Scabies in cats or notoedric mange is an uncommon, but highly contagious, skin infection.
It is caused by tiny mites called Notoedres Cati.
While male mites dwell on the cat’s skin surface, female mites burrow into the top layer of the skin to lay eggs.
Feline scabies is seen in domestic and wild cats of all ages, sexes, breeds, and colors.
The mites can live off a host for only a few days. They switch between cats and between a cat and its owner through direct contact in a shared environment.
Symptoms of Feline Scabies
The infection typically begins on the ear margins (pinnae) and slowly progresses to the face, neck, abdomen, and rest of the body.
The pattern of spread of the infection can be attributed to a cat’s self-grooming habits.
The infected cats develop signs of discomfort and restlessness due to an intense urge to scratch.
They eventually resort to vigorous scratching and licking of the infected areas. The uncontrolled scratching causes skin sores and open wounds.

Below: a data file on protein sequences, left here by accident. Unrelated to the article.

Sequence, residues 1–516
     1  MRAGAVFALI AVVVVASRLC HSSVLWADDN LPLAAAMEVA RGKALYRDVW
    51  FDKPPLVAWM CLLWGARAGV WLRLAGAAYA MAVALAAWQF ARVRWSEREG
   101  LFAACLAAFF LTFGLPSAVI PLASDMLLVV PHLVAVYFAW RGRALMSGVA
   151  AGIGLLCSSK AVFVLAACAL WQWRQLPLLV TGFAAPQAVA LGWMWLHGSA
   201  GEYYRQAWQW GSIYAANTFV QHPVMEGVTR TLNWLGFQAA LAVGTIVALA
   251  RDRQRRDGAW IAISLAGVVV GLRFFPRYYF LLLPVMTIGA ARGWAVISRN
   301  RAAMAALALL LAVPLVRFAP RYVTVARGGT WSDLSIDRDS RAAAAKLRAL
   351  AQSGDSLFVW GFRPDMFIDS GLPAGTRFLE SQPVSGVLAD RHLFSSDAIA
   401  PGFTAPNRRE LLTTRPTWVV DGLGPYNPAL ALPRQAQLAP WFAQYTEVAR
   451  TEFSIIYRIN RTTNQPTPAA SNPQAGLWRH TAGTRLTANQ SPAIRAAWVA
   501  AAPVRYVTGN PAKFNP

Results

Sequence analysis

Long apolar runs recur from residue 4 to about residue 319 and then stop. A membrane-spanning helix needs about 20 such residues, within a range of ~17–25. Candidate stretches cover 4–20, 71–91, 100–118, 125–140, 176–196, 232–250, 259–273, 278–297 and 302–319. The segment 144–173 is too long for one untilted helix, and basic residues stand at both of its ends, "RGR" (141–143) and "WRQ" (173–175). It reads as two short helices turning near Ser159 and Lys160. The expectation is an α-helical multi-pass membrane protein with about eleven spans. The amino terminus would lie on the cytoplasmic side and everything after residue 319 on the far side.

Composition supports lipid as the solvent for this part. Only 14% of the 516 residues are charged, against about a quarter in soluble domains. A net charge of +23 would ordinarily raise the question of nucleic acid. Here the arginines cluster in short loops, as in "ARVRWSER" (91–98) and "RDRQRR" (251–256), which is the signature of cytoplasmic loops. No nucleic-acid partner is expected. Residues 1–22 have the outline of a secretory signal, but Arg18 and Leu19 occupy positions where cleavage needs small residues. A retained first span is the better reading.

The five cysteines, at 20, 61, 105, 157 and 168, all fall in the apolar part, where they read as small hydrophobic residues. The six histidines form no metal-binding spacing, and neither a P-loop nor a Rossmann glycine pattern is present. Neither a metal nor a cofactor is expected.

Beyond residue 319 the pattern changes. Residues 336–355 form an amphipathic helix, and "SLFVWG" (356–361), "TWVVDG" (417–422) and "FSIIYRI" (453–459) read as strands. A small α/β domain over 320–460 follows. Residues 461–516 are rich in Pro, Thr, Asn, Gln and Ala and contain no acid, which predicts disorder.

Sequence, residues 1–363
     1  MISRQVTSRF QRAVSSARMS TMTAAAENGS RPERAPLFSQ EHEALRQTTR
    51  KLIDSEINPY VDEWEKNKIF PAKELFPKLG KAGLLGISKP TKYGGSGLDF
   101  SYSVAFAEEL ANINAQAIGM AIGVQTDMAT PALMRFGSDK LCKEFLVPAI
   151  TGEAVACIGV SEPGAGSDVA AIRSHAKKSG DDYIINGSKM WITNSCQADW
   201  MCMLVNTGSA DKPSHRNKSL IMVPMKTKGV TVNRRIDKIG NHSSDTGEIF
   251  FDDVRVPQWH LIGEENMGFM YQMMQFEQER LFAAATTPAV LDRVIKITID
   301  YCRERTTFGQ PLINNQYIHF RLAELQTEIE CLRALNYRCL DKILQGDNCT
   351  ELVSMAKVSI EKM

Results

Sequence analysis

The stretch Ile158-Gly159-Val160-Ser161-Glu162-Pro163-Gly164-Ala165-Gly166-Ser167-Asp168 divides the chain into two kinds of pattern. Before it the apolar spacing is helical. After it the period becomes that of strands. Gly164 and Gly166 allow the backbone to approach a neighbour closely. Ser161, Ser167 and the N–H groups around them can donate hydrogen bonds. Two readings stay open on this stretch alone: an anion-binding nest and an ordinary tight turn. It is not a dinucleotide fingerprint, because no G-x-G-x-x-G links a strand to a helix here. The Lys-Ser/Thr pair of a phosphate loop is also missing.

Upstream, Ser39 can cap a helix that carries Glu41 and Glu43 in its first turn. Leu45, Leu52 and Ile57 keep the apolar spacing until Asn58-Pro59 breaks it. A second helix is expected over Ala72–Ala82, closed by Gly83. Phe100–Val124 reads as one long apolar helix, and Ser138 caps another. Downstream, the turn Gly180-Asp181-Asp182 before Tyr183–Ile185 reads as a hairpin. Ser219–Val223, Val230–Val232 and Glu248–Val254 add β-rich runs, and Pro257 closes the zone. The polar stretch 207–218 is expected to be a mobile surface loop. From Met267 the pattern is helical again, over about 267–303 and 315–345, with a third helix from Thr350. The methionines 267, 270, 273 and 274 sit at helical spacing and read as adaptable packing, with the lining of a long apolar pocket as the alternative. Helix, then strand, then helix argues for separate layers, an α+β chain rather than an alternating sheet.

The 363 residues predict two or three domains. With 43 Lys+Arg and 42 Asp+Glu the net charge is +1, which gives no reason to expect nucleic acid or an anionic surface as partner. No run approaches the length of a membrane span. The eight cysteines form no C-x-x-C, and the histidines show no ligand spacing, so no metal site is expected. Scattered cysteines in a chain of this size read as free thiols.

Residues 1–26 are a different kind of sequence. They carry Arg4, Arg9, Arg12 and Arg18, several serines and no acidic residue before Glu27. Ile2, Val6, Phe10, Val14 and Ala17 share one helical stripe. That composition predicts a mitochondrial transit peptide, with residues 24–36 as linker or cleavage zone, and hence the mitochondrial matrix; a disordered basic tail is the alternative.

The infected skin appears thick and wrinkled and has grayish-yellow crusts.
Hair loss occurs in the infected regions of the head and neck.
Domestic cats are less likely to contract scabies unless exposed to infected stray cats.
Infection can be prevented by maintaining a short hair coat and bathing them regularly.
Treatment for Scabies in Cats
Early diagnosis and treatment can reduce the severity of the infection.
Feline scabies is diagnosed through microscopic examination of the infected skin scrapings. Your vet could prescribe ivermectin every 2 weeks, for a month.
Other options include topical medications such as lime sulfur dip; selamectin and moxidectin to control parasites; and medicines to alleviate itching and prevent secondary infections.
Source: All About Pets. Feline Scabies. 2021;1(3):7.
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